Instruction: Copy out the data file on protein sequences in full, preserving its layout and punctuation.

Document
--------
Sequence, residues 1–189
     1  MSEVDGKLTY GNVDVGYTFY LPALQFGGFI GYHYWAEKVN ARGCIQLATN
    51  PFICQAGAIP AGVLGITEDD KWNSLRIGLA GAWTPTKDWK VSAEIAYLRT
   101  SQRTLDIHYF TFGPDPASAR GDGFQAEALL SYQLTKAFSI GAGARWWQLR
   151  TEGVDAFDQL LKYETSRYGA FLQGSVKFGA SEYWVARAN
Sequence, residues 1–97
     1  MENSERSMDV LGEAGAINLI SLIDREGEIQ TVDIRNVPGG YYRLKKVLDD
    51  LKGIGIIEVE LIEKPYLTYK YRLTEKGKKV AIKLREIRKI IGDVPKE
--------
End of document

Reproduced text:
Sequence, residues 1–189
     1  MSEVDGKLTY GNVDVGYTFY LPALQFGGFI GYHYWAEKVN ARGCIQLATN
    51  PFICQAGAIP AGVLGITEDD KWNSLRIGLA GAWTPTKDWK VSAEIAYLRT
   101  SQRTLDIHYF TFGPDPASAR GDGFQAEALL SYQLTKAFSI GAGARWWQLR
   151  TEGVDAFDQL LKYETSRYGA FLQGSVKFGA SEYWVARAN
Sequence, residues 1–97
     1  MENSERSMDV LGEAGAINLI SLIDREGEIQ TVDIRNVPGG YYRLKKVLDD
    51  LKGIGIIEVE LIEKPYLTYK YRLTEKGKKV AIKLREIRKI IGDVPKE